British Archaeology, no 25, June 1997: News

Roman Lincoln `a centre for the cult of Mithras'

The possibility that Roman Lincoln was a centre of the exotic, eastern cult of Mithras in the 2nd and 3rd centuries AD has been raised by the identification of a carved figure on a Lincoln church as the Mithraic god, Arimanius. Mithraism was popular with the Roman army across the empire, and evidence for the cult is known at a handful of Roman military sites in Britain.

The eroded figure, high up on an outside wall of the 11th century tower of St Peter-at-Gowts in Lincoln, has long been taken as a medieval carving of either Christ or St Peter. However, archaeologist David Stocker has identified close similarities between the Lincoln figure and other known Mithraic carvings. The seated figure appears to have the head of a lion, and is wearing a short tunic with a broad waistband; it seems to be winged, and to be holding a staff in one hand and a set of keys in the other.

In a paper in the forthcoming issues of both Lincolnshire History and Archaeology and Britannia, Dr Stocker writes that the only other statue with these attributes in Britain is one from York, identified as Arimanius - the Mithraic god of the dark, who held the keys to heaven. The York sculpture is headless, but an image of Arimanius with a lion's head is known from Castel Gandolfo near Rome. By contrast, he claims that no Christian image with these characteristics is known. `I have been unable to find an image of St Peter depicted in this way anywhere else in western art, and Christ . . . is never [depicted] wearing a short tunic, ' he writes.

Documented British devotees of the Indo-Iranian cult of Mithras, a form of Zoroastrianism, were all high-ranking army officers, and the few Mithraic temples known in Britain were associated with military centres - the Cripplegate fort in London, York, Hadrian's Wall, Caernarfon, Caerleon and possibly Leicester, Gloucester and Chester. Lincoln, as a colonia (like Gloucester and York) where army veterans retired, is therefore a plausible site for a Mithraeum.

According to Dr Stocker, the key-carrying figure may have been mistaken for St Peter in the 11th century and `reverently re-set in the new church tower of St Peter-at-Gowts'. Alternatively, it may have been recognised as antique and pagan, but was adopted as St Peter `to make the point that the Christian church was the direct successor of the Roman past'. Other pieces of Roman masonry were also reused in the tower.

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`Gladiators' arena' found near Edinburgh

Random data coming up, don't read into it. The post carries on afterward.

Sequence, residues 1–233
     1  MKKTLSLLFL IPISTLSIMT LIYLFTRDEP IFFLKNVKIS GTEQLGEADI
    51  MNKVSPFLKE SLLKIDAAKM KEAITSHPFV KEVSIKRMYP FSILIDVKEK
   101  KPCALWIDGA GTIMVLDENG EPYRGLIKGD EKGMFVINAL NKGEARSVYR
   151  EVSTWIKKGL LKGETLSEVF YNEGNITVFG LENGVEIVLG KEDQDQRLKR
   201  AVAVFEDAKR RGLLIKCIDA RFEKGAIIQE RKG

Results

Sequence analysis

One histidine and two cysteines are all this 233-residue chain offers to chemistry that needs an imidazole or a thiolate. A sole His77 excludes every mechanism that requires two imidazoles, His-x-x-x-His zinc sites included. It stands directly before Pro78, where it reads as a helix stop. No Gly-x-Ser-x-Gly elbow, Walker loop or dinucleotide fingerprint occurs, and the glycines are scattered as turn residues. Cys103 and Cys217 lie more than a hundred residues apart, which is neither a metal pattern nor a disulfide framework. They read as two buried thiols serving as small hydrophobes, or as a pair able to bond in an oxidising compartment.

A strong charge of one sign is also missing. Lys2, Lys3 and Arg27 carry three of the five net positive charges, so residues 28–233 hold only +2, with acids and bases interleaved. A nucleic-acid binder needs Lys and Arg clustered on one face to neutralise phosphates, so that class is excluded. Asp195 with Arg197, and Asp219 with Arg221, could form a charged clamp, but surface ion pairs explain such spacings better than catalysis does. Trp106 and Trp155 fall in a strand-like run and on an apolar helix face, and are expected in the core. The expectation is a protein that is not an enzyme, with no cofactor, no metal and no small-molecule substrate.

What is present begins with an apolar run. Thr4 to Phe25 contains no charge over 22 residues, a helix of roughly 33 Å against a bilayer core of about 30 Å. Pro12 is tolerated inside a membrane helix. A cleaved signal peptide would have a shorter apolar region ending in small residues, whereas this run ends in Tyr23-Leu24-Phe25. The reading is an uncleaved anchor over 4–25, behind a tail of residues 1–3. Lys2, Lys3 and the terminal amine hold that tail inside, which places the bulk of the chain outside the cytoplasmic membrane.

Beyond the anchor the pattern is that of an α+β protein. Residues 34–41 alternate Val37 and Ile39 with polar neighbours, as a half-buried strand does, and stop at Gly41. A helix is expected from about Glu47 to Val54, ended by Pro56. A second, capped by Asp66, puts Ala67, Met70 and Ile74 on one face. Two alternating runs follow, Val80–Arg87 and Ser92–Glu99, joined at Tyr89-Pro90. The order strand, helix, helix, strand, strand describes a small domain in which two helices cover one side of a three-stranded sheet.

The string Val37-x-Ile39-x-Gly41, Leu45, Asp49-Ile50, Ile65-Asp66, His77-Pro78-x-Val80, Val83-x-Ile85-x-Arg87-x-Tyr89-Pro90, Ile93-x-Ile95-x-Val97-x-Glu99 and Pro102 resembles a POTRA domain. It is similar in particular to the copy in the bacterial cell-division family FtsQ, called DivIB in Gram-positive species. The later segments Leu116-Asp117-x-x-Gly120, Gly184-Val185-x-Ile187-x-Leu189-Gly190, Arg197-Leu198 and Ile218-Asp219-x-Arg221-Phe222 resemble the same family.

The Roman army's fondness for gladiators and other forms of staged entertainment has been underlined by the discovery of a military amphitheatre at Inveresk near Edinburgh. Several military amphitheatres are now known in Britain, associated with the forts at Chester and Caerleon, London, Richborough, TomenY-Mur in Gwynedd and Newstead in the Scottish borders.

Evidence for the Inveresk amphitheatre - the most northerly yet found in the Roman Empire - was originally discovered by Edinburgh University's field archaeology unit in 1995, but was interpreted as a granary. The remains, consisting of a slightly curving grid of post-holes and a curving fence, have now been re-identified as a section of amphitheatre seating and part of the arena wall by Mike Bishop, a specialist in Roman military archaeology.

David Breeze, Chief Inspector of Ancient Monuments at Historic Scotland, said the site was far more likely to be an amphitheatre than a granary. `There were always problems with the original interpretation, but at the time [of excavation] no one could think what else it could be, ' he said.

The 2nd century auxiliary fort at Inveresk - some 10 miles east of the fort at Cramond, where a stone lion was discovered in the river last year - was built at the same time as the Antonine Wall, 21 miles to the north, and was occupied for only a few decades. Inveresk attracted the attention of the chief financial official in Britain, the procurator Q Lusius Sabinianus, who dedicated at least two altars there; but it has not previously been considered a site of exceptional importance. Whether the existence of an amphitheatre here suggests Inveresk was more important than has been thought, or that amphitheatres were simply a more common feature of the landscape than has been supposed, has not yet been settled.